Georgia also enjoys decided advantages on both sides of the ball. Even the home field won't help Auburn in this one. I believe Georgia will win.
  • Louisiana–Lafayette at #7 Florida, 11:21 a.m. (Central) on SEC Network: You know, I could go into all the reasons why Florida should win this game.

    But why bother? It should be obvious. Florida will win.
  • #22 Mississippi State at #9 LSU, 6 p.m. (Central) on ESPN: This is a tough assignment for LSU, coming off its emotional loss to Alabama last week.

    The twice–beaten Tigers are now out of the national championship picture and the conference championship picture — and they must face Mississippi State, also a recent loser to Alabama.

    On offense, there appears to be little difference between these two teams. LSU is ranked #71, Mississippi State is #73. That leads me to believe that the game will be decided by defense. And if that is the case, there seems to be no question that LSU, ranked third in that category, will have the edge. Mississippi State's defense is adequate, but it is not really comparable to LSU.

    LSU is 19–1 against Mississippi State since 1992 and hasn't lost to the Bulldogs at home since 1991. The Tigers also haven't lost two games in a row since the 2008 season — and that was the first time they lost two in a row since 2002. It just doesn't happen.

    I feel safe in picking LSU to win.
  • Maryland at #10 Clemson, 2:30 p.m. (Central) on ESPNU: These teams have been playing annually since 1952, and success has come in waves for both.

    The waves were a little stronger and lasted a little longer until about a decade ago. Before the new millennium, it wasn't unusual for one team to roll up five straight wins or more against the other. Since 2000, though, the longest winning streak for either has been three, and two straight wins have been the norm.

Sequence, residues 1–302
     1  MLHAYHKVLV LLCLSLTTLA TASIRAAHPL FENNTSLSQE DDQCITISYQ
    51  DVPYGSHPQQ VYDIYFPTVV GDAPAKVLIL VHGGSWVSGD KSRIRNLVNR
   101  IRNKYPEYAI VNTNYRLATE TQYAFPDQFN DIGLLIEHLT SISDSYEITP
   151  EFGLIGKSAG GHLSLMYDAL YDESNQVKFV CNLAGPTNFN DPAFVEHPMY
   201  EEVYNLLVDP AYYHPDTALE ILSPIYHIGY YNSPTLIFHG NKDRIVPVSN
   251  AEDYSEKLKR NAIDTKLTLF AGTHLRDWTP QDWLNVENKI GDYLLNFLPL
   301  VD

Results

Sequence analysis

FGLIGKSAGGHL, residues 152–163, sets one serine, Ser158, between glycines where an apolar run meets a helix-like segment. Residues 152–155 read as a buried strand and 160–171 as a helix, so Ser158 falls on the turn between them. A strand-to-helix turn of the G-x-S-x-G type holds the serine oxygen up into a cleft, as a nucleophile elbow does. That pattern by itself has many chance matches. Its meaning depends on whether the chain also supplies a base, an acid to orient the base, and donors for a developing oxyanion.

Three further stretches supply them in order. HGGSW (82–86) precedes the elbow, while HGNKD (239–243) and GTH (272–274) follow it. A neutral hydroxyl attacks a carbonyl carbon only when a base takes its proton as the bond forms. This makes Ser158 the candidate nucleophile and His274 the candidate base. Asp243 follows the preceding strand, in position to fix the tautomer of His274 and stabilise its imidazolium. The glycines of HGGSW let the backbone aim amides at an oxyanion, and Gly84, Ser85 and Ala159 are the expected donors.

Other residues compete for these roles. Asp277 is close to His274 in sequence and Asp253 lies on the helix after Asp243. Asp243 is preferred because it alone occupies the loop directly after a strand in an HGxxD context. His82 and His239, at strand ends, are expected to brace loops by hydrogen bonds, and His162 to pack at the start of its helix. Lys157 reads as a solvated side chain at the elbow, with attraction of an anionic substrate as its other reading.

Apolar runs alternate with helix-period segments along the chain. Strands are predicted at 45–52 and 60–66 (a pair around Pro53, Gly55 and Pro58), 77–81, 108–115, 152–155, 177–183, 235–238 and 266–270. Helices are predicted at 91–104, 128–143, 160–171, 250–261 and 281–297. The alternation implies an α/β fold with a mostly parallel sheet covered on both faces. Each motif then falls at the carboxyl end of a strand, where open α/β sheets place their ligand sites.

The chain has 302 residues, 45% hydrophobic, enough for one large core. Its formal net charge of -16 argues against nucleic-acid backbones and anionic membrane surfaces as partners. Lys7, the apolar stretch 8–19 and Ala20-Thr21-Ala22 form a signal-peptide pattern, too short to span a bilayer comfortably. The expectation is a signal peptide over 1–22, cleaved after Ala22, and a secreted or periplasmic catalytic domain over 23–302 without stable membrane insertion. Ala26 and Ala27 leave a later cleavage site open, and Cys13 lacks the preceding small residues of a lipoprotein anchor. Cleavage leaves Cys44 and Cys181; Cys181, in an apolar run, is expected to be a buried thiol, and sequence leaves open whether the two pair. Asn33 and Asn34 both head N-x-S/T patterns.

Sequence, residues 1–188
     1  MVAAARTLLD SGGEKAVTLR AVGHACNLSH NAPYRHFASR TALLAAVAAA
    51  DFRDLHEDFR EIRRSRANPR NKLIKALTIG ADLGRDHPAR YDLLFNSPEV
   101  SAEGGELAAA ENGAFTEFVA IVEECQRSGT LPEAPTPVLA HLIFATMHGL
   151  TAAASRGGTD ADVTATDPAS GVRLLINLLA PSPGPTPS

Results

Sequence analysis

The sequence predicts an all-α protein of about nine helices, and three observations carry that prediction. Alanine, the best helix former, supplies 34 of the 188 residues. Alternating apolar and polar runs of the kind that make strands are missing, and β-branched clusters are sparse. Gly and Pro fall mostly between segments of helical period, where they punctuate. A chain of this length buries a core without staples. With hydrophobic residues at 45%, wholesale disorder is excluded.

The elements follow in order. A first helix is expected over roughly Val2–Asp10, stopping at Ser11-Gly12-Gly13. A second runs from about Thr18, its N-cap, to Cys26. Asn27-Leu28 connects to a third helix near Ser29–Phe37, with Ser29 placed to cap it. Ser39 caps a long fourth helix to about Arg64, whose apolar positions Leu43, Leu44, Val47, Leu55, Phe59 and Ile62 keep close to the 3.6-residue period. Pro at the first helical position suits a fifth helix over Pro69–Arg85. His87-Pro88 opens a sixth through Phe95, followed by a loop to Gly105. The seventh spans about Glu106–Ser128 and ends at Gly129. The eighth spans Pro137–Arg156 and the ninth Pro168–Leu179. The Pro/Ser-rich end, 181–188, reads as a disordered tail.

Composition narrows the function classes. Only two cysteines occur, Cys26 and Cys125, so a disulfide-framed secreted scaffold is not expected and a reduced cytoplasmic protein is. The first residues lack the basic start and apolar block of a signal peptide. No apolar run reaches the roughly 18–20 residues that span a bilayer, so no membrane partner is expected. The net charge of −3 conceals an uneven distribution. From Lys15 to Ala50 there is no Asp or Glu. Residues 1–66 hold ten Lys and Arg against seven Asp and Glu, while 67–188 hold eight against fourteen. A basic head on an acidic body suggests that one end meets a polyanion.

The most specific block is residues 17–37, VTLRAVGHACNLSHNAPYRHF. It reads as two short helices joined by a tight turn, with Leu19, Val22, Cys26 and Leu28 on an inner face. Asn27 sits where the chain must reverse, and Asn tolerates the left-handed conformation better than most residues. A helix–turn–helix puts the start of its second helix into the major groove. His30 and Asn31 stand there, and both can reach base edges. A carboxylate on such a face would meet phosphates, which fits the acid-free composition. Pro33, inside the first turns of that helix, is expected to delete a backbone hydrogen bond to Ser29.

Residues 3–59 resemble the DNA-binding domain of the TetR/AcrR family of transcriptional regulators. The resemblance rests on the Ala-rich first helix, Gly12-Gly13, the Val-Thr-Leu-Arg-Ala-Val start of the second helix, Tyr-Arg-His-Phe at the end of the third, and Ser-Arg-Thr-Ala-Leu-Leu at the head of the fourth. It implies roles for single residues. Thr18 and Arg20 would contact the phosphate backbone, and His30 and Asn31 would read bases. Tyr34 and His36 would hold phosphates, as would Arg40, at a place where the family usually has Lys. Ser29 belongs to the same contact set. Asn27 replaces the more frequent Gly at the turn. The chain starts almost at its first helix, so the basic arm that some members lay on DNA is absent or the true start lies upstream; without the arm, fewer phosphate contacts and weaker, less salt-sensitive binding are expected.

Clemson has won the last two meetings so recent history would suggest that it is Maryland's turn. And the Terps have won two of the last three games they have played at Clemson so it isn't as if this is an impossible assignment. In this series, Maryland has been almost as successful on the road as it has been at home.

    But Clemson has the nation's ninth–best offense — which should be challenged by Maryland's 11th–ranked defense. Maryland's big problem is its defense, which would be the worst in the land if not for Kentucky.

    When all is said and done, I think Clemson will prevail.
  • #11 Louisville at Syracuse: There was a time in this series when Syracuse clearly had the upper hand, but, since 2003, Louisville has won six of eight contests.

    The most intriguing moments of the game seem likely to come when Syracuse's #26 offense takes the field against Louisville's #29 defense. But they might be just as evenly matched, although not as talented, when Louisville's #45 offense has the ball against Syracuse's #42 defense.

    I'm tempted to take Syracuse at home, but Louisville is unbeaten and Syracuse is 4–5. Louisville might get sloppy the week before the season finale against #24 Rutgers, but that is three weeks from now. I'll take Louisville.